Just last September, a study from Vanderbilt's National Center on Performance Incentives found no correlation between performance pay and improved student achievement. A couple of new studies, including another one from Vanderbilt, draw opposite conclusions, but somehow they haven't grabbed the attention of the national media.
This most recent Vanderbilt study finds that when school districts design their own performance pay programs, student achievement does increase, progress is made on closing the achievement gap, and retention of the most successful teachers improves. Pay plans that awarded larger bonuses, and in which teachers felt they were more likely to receive bonuses, worked the best.
The new study seems to address many of the concerns raised by Vanderbilt's September report. We and others criticized the design, in part for focusing on a program that offered teachers a bonus for increased test scores without also providing support that would help teachers to improve. In addition, in the original design, only the teachers who received the bonuses knew that they had earned them, ignoring an opportunity to publicly reward successful teachers. The bonus program seemed to assume that teachers ordinarily hold back from doing their best, and that money alone would be sufficient incentive for teachers to improve their students' learning. Not surprisingly, the teachers who participated in the study did not feel that their efforts were fairly rewarded.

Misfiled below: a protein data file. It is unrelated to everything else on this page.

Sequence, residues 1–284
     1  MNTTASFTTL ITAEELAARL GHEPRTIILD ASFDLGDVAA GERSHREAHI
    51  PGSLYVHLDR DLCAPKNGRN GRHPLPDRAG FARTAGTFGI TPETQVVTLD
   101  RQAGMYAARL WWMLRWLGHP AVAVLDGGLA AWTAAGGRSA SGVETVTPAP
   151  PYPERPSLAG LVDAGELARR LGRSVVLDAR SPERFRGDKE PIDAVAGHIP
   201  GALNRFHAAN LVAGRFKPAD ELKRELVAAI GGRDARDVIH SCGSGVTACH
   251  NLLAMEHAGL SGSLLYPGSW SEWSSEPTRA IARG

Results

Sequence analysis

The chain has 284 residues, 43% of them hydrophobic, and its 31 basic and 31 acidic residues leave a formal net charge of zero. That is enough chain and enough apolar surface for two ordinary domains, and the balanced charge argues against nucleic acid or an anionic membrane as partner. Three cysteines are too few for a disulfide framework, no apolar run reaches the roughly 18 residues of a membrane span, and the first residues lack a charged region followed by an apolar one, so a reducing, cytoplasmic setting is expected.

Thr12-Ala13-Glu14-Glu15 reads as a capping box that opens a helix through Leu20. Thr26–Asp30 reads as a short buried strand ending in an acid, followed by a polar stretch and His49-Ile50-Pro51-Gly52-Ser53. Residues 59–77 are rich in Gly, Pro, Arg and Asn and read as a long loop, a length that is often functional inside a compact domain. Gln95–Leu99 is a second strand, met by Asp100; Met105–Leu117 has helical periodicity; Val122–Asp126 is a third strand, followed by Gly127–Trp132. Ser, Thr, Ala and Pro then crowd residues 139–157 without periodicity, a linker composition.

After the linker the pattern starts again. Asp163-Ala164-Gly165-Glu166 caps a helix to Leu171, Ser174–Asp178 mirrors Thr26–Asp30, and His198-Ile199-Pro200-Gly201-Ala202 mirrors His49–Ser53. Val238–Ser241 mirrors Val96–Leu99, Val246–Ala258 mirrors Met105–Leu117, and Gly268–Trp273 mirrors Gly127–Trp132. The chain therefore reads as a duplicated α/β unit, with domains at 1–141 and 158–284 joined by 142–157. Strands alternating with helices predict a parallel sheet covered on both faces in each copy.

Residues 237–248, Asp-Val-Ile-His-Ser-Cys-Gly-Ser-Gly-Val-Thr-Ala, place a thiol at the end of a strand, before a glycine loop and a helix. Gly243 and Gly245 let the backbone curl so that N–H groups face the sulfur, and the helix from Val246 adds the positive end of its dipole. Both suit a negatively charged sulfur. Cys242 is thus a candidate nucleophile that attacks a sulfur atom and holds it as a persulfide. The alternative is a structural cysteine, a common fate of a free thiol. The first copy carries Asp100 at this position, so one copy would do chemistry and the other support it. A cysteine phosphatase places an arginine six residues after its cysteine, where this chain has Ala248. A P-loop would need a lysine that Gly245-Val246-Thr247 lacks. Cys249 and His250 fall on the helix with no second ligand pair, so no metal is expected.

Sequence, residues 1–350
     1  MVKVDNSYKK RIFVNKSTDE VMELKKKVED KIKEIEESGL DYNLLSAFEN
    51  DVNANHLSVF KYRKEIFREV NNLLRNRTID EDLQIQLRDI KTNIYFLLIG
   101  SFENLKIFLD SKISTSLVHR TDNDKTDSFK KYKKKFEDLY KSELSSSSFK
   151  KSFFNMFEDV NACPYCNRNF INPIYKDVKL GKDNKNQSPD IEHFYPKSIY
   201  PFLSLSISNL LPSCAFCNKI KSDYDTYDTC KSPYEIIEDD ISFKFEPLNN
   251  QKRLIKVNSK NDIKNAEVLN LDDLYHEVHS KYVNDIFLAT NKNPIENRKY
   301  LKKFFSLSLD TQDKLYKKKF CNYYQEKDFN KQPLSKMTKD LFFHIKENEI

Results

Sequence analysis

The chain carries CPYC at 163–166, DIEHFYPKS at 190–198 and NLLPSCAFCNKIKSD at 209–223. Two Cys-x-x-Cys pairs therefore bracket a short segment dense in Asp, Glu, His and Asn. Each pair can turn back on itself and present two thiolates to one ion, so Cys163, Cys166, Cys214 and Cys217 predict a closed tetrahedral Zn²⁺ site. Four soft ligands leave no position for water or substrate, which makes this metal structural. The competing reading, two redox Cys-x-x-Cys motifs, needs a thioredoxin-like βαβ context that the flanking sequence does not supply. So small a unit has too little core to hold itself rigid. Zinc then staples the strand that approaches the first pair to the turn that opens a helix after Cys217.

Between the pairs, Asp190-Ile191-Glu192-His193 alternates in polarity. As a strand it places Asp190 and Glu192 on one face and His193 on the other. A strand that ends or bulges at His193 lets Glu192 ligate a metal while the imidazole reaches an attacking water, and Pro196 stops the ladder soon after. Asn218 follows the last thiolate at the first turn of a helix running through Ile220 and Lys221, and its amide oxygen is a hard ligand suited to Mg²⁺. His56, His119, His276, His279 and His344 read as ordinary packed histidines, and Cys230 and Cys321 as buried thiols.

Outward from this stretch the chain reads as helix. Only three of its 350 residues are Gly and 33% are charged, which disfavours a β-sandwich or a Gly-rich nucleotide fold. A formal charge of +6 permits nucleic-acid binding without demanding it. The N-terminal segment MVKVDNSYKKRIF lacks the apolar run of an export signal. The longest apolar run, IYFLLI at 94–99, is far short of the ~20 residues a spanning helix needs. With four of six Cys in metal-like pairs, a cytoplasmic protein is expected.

An additional international study also provides support for performance pay. According to a study of 28 OECD countries, math and reading scores of 15-year-olds in countries with performance pay are significantly higher, with science scores slightly higher. However, other forms of differentiated pay, such as stipends for working in tough conditions, taking on additional responsibilities or having advanced qualifications or training, were all found to have no significant effect on student achievement.